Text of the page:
17 May 2013
A revolutionary new technique could boost success rates of in vitro fertilisation (IVF). Doctors from the CARE Fertility Group, who developed the groundbreaking procedure, have said that it could treble live birth rates for couples using IVF.
IVF treatment is available for women who have struggled to become pregnant after a year of trying, the standard definition of infertility. It can be used to combat damaged fallopian tubes (as was its original purpose), sperm disorders and endometriosis. The procedure takes donated sperm and uses it to fertilise eggs in a petri dish. Once the eggs are fertilised, they become embryos and are placed in a climate-controlled incubator to promote growth.
Using traditional methods, experts remove embryos from an incubator and check on progress once a day. The new time-lapse procedure monitors embryo growth from within the controlled environment, and allows specialists to capture images every ten to 20 minutes. By compiling an extensive sequence of images (up to 5,000 are taken), doctors can effectively monitor growth and classify embryos into high, medium and low risk categories according to their likelihood of defects.
The new method could reduce the risk of miscarriage and minimise emotional trauma caused by multiple failed treatments. In short, it could transform the way couples deal with infertility.
Professor Simon Fishel, managing director of CARE Fertility Group, said: “In the 35 years I have been in this field this is probably the most exciting and significant development that can be of value to all patients seeking IVF. This technology can tell us which embryo is the most viable and has the highest potential to deliver a live birth - it will have huge potential. This is almost like having the embryo in the womb with a camera on them.”
Trials show that 78 per cent of women who utilised the time-lapse method successfully conceived and are on-track to have a healthy child. This rate is nearly three times the typical IVF success rate, which is usually around 26 per cent.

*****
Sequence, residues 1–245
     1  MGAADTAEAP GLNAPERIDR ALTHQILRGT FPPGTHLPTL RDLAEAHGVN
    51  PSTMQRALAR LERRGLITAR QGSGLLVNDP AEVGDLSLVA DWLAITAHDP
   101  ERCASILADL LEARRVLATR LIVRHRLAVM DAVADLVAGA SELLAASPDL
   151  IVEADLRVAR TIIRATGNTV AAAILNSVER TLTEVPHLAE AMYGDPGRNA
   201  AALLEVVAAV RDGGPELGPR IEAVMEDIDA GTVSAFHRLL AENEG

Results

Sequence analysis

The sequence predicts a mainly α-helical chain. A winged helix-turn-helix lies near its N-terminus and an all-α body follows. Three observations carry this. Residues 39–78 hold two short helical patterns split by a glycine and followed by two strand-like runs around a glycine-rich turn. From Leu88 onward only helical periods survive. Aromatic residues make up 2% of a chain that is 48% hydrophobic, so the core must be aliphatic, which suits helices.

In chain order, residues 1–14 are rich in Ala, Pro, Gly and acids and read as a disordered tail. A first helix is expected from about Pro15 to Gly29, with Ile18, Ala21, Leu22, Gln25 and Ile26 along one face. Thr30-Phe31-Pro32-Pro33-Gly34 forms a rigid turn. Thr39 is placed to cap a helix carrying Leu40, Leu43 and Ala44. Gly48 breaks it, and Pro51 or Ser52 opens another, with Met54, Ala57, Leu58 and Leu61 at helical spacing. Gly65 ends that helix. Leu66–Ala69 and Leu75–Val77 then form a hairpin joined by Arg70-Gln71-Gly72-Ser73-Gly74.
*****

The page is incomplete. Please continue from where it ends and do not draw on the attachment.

Although experts are excited about the new procedure and its potential for success, they want to avoid over-exciting patients. The results are compelling and could transform IVF treatment as a whole, but CARE experts tested time-lapse imaging on less than 100 embryos. Chairman of the British Fertility Society, Dr Allan Pacey, said larger trials of the time-lapse technology are needed. He said: “All too often developments in IVF are trumpeted as advances when they remain unproven.”
Dr Virginia Bolton from Guy’s and St Thomas’ NHS Foundation Trust said: “These results are very interesting but this is a very small study and any interpretation of the findings must be made with caution as we are dealing with the hopes and expectations of patients.”
Martin Johnson, co-editor of Reproductive BioMedicine Online, which published CARE Fertility Group’s findings, agreed with Dr Bolton: “This is a significant advance, but it is one which still needs more work.”
If further research verifies CARE’s provisional findings, the new method may soon be adopted by fertility clinics throughout the UK. Already, it’s been made available at some private and NHS facilities.
Posted by Philip Briggs
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